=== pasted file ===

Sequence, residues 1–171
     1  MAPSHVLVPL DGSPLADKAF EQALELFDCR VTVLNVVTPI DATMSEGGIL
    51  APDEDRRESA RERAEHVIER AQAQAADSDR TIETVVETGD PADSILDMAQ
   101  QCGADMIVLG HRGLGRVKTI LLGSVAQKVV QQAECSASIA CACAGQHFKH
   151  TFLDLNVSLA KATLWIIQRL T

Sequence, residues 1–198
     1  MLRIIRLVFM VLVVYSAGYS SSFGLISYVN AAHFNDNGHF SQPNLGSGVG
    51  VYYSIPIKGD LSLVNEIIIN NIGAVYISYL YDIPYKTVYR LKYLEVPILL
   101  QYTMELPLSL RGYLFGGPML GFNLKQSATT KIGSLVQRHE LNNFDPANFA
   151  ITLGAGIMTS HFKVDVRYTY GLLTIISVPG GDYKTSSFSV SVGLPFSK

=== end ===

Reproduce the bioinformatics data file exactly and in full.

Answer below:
Sequence, residues 1–171
     1  MAPSHVLVPL DGSPLADKAF EQALELFDCR VTVLNVVTPI DATMSEGGIL
    51  APDEDRRESA RERAEHVIER AQAQAADSDR TIETVVETGD PADSILDMAQ
   101  QCGADMIVLG HRGLGRVKTI LLGSVAQKVV QQAECSASIA CACAGQHFKH
   151  TFLDLNVSLA KATLWIIQRL T

Sequence, residues 1–198
     1  MLRIIRLVFM VLVVYSAGYS SSFGLISYVN AAHFNDNGHF SQPNLGSGVG
    51  VYYSIPIKGD LSLVNEIIIN NIGAVYISYL YDIPYKTVYR LKYLEVPILL
   101  QYTMELPLSL RGYLFGGPML GFNLKQSATT KIGSLVQRHE LNNFDPANFA
   151  ITLGAGIMTS HFKVDVRYTY GLLTIISVPG GDYKTSSFSV SVGLPFSK